The purpose of this tutorial is to provide an overview of the new programming approaches in ABAP that have been introduced as a result of the advent of the HANA database. The emphasis will be on presenting a roadmap for why and how an ABAP developer should begin converting his or her code to adopt new coding practices. The intended audience for this presentation is ABAP developers who want to learn the basics of ABAP on HANA programming and why these new features are important. This tutorial covers topics such as Code to Data Paradigm, OpenSQL, CDS Views, and AMDPs.
The traditional method is transferring data from a database to a presentation server, performing data-intensive calculations and filtering, and then presenting the filtered data to the user.
The new HANA method is to push our code to the database layer, where all of the data is stored, perform the computations there, and only bring relevant records to the presentation server.
The latency imposed by bringing enormous amounts of data to the display layer is greatly reduced by the C2D paradigm, resulting in high performance even with very big data sets.
To better appreciate this, consider the following scenario, which any ABAP developer can relate to:
Example Scenario: An ALV report containing the master data and addresses of "ALL" active vendors who have not been marked for central deletion, deletion under "ALL" business code, or deletion under "ALL" purchasing organization.
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As a result of fetching data for all vendors, all business codes, and all Purchasing Organizations, performance will decrease in this case. The resulting report would need to be executed in the background, and in this situation, the typical ABAP report flow will acquire data as follows:
As a result of fetching data for all vendors, all business codes, and all Purchasing Organizations, performance will decrease in this case. The resulting report will need to be executed in the background, and in this situation, the typical ABAP report flow would acquire data as follows:
If no joins are utilized in the select statement, the presentation layer will interact with this data a few times. Furthermore, due to the massive volumes of vendor data in the system, using joins to fetch data from these databases would be extremely slow. So, what can I do to improve my performance here?
You can write OpenSQL syntax in your ABAP code using OpenSQL programming. The fields in the select statement in OpenSQL are comma-separated, all host variables are escaped using the ‘@' sign, concatenation can be done in a single sentence using ‘| |', and so on.
The following is a summary of the above scenario:
SAP released core data services, or CDS, a new data modeling framework. Instead of being defined and consumed on the application server, data models are defined and consumed on the database server using CDS. As a result, a database-level table result view is constructed. CDS are openSQL-compatible and can be developed with ABAP development tools such as Eclipse Oxygen. AMDPs and reports can consume these as well.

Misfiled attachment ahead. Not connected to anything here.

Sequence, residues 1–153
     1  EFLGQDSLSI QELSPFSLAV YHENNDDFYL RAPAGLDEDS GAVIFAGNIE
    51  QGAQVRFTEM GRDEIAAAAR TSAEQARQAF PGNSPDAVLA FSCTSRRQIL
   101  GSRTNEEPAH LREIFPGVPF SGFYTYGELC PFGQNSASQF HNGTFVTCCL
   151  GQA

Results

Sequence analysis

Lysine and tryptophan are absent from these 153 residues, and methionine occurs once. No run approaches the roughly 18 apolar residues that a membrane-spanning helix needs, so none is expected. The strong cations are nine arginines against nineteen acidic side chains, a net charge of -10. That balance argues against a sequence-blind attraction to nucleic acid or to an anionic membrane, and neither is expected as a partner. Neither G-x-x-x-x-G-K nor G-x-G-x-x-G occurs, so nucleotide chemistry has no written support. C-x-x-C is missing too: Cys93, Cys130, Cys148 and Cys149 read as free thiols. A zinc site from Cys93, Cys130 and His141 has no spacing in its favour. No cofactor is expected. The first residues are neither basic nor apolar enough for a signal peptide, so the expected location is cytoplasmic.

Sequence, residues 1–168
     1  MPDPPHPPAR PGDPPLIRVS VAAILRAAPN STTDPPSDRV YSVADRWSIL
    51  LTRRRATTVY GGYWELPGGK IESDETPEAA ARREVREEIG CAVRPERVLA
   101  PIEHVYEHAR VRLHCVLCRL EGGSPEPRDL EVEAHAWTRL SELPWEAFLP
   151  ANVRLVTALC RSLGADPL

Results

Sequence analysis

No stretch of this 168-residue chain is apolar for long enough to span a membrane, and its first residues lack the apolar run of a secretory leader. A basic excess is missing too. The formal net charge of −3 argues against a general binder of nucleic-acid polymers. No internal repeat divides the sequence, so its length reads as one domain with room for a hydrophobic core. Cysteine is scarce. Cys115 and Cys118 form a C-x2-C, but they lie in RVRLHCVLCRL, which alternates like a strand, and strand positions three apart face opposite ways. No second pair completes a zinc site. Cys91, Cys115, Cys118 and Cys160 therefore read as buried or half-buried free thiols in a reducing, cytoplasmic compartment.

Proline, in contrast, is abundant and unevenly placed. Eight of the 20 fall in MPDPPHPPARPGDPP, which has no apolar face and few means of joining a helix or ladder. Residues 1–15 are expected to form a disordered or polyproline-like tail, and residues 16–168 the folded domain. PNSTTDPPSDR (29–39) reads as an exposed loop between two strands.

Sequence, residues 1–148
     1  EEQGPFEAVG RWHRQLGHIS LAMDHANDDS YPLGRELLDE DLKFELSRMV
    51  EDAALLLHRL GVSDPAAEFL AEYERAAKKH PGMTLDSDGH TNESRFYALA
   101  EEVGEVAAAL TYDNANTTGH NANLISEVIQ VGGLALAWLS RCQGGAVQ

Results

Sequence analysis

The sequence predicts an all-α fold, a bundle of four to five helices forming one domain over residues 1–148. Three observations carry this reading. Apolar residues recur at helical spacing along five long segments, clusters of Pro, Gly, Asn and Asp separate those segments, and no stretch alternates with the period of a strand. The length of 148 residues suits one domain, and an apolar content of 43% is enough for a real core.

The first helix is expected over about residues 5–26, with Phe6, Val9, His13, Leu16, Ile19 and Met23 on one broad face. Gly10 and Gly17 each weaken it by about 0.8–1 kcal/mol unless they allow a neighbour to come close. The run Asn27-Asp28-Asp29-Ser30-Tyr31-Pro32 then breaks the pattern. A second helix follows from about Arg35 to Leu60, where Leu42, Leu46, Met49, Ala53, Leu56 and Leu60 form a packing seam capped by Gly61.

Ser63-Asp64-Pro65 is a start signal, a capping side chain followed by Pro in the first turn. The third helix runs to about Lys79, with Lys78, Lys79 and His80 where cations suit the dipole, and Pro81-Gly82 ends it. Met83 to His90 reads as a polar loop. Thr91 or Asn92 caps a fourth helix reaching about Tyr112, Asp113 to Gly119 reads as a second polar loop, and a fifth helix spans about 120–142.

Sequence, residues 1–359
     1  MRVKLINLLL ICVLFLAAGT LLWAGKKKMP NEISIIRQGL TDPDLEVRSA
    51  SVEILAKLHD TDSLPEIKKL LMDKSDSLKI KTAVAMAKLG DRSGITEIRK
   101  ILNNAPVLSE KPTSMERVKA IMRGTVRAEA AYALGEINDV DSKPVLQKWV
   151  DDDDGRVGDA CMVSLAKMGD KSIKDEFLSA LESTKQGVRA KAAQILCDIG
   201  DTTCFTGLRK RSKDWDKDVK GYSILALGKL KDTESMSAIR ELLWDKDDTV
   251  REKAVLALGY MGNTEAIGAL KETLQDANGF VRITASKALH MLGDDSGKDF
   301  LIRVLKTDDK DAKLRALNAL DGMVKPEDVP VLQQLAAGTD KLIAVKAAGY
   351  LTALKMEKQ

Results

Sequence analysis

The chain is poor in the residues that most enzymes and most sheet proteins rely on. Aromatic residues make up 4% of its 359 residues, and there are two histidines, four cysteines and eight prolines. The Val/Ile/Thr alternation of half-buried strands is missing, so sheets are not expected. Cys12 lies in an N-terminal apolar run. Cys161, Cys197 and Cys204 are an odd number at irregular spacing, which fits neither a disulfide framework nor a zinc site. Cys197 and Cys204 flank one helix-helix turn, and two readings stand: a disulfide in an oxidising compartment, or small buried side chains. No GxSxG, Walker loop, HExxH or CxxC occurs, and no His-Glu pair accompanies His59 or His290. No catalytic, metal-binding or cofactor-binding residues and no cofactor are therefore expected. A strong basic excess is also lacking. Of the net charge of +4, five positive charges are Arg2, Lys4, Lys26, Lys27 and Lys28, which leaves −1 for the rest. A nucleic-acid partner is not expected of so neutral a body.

In Eclipse, the preceding code would be saved as a data definition and defined as follows:
In 39 milliseconds, the CDS view returned a result. Fantastic? Yes, it is correct.
CDS views with parameters and relationships can now be built. If you have a defined result set and some input parameters to pass, you may want to develop a CDS with parameters.
If you have several tables to address in the view and want to keep the result set flexible, you might also design a CDS with the association for a similar scenario.
AMDPs are database procedures that are written in ABAP and run on the database directly. AMDP classes are used to create AMDPs. The following is an example of how to develop an AMDP class using the scenario described above. An AMDP class is distinguished from other classes by the interface "IF_AMDP_MARKER_HDB."
Likewise, methods defined with the notation "BY DATABASE PROCEDURE FOR DATABASE> LANGUAGE LANGUAGE>" will appear in an AMDP class implementation. In our example, the database would be HDB (HANA DB), and the programming language would be SQLSCRIPT.
The code push-down feature can then be achieved by using this AMDP class in an ABAP program.
How to choose amongst the three programming styles would be a question that any developer would have.
CDS -> OpenSQL -> AMDP was the order of performance in the case above.
Does this imply that the best option in the aforementioned scenario is to construct a CDS? Not at all!
If I don't want to employ the CDS view, OpenSQL could be a good alternative.
CDS views and AMDP can only be produced with ABAP Development Tools such as Eclipse Oxygen. To learn how to install eclipse on your machine, go to the following link:
When choosing between the three programming styles listed above, there are no hard and fast rules to follow. It is entirely dependent on the necessity as well as the type and manner in which data must be handled. However, the following points can help you figure out how to make the most effective decision.
This article was written to provide you with an overview of HANA and what you can achieve with the new approaches. To any newcomer, my advice is to get your hands on a system and check it out.
In this tutorial, we have learned and understood the paradigm of code-to-data with an example. The concepts of OpenSQL programming, CDS Views, AMDP, and how to choose between OpenSQL or CDS or AMDP have also been discussed.
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